That would be my tip - games, kids' activities, and someone to ‘help out’ with them. Even in this day of cell phones, texting, and portable personal games, kids still enjoy board games, or a Wii tournament, and interacting with other kids and grown-ups.”

    Dinner Table and Wine

    • Know Your Guests, Be Prepared: Chrystal P. and Carrie C. both piped in with some of the most valuable practical knowledge immediately – get started ahead of time, and make anything you can before the holiday; you’re going to be busy! Carrie says, “Begin cooking @ midnight!!” Chrystal offers, “If you’re doing desserts, do them the day before. Pies and stuff will keep just fine.” She also throws in the ever-popular cranberry sauce question: canned or home-made? Her vote is home-made, but be prepared for your guests’ preferences. I suggest doing both, since they each have their own unique flavor and texture.
    • Remember What It’s All About: Preparation, planning, running errands, and taking care of life in general during the holidays can become stressful. Remember to take the time to remember why you’re doing all this work and to enjoy the fruits of your labors of love. Ben Evans, a practiced creative and professional writer – who is also an entrepreneur, kindly took the time to remind us all to relax and enjoy ourselves: “I think thanksgiving more than any other holiday brings people and a good spirit out…It is just a tradition that everyone can participate in. I think more than any one thing people can relax during Thanksgiving. It is not as stressful as Christmas and everyone can help prepare a nice feast. It is a holiday without any needs or wants. You bring yourself or invite others to share, and you enjoy the time spent and relax.”
    • Something Delicious: Ben also left me a delicious-sounding (and super-easy) recipe – I haven’t tried it yet, but you can bet it’s going to be on my holiday table this year:

      “I like cucumbers sliced and put into vinegar. Put in a little olive oil; about a teaspoon of oil to half a cup of vinegar.

      Slice onions and save a few so you can garnish the top.

      Cut some ripe tomatoes, about one tomato per each cucumber (save a few slices to garnish the top).

      Other veggies that go well in the dish:
      1) Cabbage
      2) Hot peppers
      3) Thinly sliced carrots
      4) Cilantro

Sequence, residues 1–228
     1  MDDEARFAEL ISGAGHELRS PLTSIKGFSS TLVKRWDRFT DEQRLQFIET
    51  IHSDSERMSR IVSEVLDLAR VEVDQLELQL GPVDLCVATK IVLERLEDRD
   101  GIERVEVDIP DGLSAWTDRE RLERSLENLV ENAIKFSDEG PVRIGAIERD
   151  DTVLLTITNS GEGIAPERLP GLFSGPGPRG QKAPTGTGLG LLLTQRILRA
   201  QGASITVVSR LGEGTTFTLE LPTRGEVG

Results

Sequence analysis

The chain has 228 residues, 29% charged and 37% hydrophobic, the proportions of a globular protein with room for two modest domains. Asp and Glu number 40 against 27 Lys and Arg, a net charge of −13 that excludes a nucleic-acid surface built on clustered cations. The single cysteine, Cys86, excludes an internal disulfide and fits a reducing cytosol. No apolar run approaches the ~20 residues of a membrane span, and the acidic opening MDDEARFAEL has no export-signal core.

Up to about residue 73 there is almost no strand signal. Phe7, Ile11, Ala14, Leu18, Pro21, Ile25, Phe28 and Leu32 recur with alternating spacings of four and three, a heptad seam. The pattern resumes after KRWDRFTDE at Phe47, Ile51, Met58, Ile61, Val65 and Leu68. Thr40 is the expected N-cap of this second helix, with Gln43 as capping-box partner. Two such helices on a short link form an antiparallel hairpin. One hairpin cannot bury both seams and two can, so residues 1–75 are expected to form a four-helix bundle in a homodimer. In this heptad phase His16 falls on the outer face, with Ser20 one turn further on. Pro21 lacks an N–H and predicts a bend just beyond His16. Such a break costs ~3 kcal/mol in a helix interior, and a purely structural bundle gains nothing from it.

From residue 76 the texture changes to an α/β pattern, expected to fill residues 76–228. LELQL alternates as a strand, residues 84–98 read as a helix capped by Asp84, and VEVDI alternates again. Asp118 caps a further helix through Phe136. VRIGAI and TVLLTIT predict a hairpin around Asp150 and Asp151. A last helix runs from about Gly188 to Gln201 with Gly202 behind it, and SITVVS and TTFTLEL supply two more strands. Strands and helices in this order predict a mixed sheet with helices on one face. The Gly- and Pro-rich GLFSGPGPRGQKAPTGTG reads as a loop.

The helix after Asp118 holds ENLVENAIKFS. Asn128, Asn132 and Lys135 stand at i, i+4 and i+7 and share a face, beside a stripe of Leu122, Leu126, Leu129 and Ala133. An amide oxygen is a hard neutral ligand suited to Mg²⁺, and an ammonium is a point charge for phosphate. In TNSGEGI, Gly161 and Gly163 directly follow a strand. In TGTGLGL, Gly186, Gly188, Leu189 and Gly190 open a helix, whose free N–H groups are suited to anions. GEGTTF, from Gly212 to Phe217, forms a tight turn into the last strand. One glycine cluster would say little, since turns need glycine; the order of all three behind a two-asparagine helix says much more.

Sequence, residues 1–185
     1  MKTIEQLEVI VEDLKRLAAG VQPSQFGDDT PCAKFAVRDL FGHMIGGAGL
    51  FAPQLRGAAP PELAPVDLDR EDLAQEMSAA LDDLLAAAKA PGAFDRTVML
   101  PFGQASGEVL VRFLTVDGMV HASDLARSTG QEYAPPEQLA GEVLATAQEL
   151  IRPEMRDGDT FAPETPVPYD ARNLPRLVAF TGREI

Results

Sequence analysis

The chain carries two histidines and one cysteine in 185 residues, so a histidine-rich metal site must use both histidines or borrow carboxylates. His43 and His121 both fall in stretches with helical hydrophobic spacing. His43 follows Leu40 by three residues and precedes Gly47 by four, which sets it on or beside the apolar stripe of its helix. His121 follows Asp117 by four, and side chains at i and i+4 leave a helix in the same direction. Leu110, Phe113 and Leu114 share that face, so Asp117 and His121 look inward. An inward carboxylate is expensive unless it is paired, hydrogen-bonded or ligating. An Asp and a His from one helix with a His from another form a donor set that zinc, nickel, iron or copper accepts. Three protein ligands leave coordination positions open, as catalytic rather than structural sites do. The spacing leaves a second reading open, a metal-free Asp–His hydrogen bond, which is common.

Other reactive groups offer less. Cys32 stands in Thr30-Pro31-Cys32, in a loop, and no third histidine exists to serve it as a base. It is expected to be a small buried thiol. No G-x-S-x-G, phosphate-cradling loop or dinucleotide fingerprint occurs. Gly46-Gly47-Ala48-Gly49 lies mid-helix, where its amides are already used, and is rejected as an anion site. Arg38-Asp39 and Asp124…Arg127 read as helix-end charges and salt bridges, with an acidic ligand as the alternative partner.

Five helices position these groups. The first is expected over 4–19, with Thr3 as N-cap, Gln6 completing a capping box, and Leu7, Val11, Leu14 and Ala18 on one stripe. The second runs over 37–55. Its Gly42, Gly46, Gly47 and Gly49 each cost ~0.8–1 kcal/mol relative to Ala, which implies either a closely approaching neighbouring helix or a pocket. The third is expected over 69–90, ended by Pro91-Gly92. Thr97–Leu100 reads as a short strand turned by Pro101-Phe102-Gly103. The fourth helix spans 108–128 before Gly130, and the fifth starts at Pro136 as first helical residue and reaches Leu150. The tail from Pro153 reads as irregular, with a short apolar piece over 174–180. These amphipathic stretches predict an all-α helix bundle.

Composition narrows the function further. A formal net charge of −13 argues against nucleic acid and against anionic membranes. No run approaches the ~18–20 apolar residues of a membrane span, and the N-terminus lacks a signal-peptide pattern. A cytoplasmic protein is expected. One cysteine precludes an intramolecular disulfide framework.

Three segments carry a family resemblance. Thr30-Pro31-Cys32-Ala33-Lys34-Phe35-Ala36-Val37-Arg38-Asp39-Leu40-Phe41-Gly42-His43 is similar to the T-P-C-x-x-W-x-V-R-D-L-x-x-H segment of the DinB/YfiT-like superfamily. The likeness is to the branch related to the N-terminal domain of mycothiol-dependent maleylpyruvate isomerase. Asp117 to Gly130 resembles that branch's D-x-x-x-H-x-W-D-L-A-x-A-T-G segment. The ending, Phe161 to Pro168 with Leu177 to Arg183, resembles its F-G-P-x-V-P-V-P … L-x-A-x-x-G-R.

5) Apple slices
      Choose what you want to add.

      In the vinegar add the sliced vegetables; add 2 tablespoons of sugar (brown sugar is my fav). I also like to add something spicy to give it a kick. Spices like basil go well in this. I mix everything together the night before and let it sit in the refrigerator. I put thinly sliced tomatoes and onions on top, and then put a little black pepper and some paprika to give it color.”

    • There you have it! Just a few examples of why I’m grateful for my friends. I hope these tips, recipes, and reminders add something to your holiday, and there are more to come, since my friends bowled me over with their ideas. Get in on the blogging action – do you have more Thanksgiving experiences or tips to share? Or do you have questions you’d like to have answered? Leave a comment below, and you just might find your ideas and suggestions in an upcoming blog. Coming soon: More Thanksgiving Madness.


    This post was posted in Holidays and was tagged with fall, decor, cooking, home decor, holidays, thanksgiving, children, organization, harvest

  • Prepare Yourself for Holiday Madness in the Dining Room

    Posted on November 1, 2010 by NinaCarmen Monroe

    We all know what time of year it is. The stores are festooned not only with gobbling turkeys, seasonal gourds, and harvest time decorations, but I’ve also already seen hints of red Santas, sparkly snowflakes, and stockings waiting to be filled with gifts! The winter holidays are approaching fast, and on top of our daily duties like work, taking care of the family, keeping the house in shape, and many, many more, all the additional preparation can seem like a chore. Here are a few simple tips to help you prepare your dining room and keep the holidays on track with your spirit intact.

    Start Planning Now: I know you have a million things to do. But believe me – a little planning now will save you a lot of hair-pulling later. Start with lists and ideas. How many people are coming to visit during the holidays? Are you going to have a sit-down dinner, or a buffet-style set-up? If you want to send invitations, go for it (Facebook and other online services do this for you fast, free, and without paper); no matter the method, just make sure to touch base with your guests, and even include them in your planning stage. What foods will be served? Are others going to bring their favorite holiday foods? If so, what are they bringing? Will any of your guests need accommodations or help finding them? Will you have any kind of entertainment in the dining room – music, after-dinner board games or cards, or a family circle full of talk and catching up?

    Thinking about these things and writing them down will be the keys to knowing the ingredients you’ll need in the kitchen, how much space you will need in the dining room, and how many chairs you’re going to need. This is also a good time to think about decorations: What do you already have? How much space will the décor use up as compared with how much space you and your guests will need to dine and visit comfortably? Do you need (or want) anything new?